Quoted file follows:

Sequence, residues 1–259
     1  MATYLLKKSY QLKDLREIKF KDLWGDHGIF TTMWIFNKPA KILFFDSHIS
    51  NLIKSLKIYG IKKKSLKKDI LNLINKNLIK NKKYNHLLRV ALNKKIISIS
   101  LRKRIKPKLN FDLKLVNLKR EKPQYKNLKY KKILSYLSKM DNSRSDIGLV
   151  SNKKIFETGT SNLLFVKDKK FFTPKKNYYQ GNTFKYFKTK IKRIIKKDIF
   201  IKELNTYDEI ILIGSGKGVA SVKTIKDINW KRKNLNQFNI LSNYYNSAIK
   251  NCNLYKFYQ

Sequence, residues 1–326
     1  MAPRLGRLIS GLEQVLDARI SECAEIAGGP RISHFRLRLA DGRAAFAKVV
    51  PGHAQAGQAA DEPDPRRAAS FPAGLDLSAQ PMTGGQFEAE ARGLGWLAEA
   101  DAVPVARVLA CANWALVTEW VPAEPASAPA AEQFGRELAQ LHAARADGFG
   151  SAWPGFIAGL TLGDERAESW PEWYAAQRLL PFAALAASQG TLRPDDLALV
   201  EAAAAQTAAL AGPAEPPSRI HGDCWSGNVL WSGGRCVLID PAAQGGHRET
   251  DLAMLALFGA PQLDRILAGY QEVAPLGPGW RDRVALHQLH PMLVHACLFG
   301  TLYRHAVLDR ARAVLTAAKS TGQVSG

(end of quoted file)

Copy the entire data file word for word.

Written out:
Sequence, residues 1–259
     1  MATYLLKKSY QLKDLREIKF KDLWGDHGIF TTMWIFNKPA KILFFDSHIS
    51  NLIKSLKIYG IKKKSLKKDI LNLINKNLIK NKKYNHLLRV ALNKKIISIS
   101  LRKRIKPKLN FDLKLVNLKR EKPQYKNLKY KKILSYLSKM DNSRSDIGLV
   151  SNKKIFETGT SNLLFVKDKK FFTPKKNYYQ GNTFKYFKTK IKRIIKKDIF
   201  IKELNTYDEI ILIGSGKGVA SVKTIKDINW KRKNLNQFNI LSNYYNSAIK
   251  NCNLYKFYQ

Sequence, residues 1–326
     1  MAPRLGRLIS GLEQVLDARI SECAEIAGGP RISHFRLRLA DGRAAFAKVV
    51  PGHAQAGQAA DEPDPRRAAS FPAGLDLSAQ PMTGGQFEAE ARGLGWLAEA
   101  DAVPVARVLA CANWALVTEW VPAEPASAPA AEQFGRELAQ LHAARADGFG
   151  SAWPGFIAGL TLGDERAESW PEWYAAQRLL PFAALAASQG TLRPDDLALV
   201  EAAAAQTAAL AGPAEPPSRI HGDCWSGNVL WSGGRCVLID PAAQGGHRET
   251  DLAMLALFGA PQLDRILAGY QEVAPLGPGW RDRVALHQLH PMLVHACLFG
   301  TLYRHAVLDR ARAVLTAAKS TGQVSG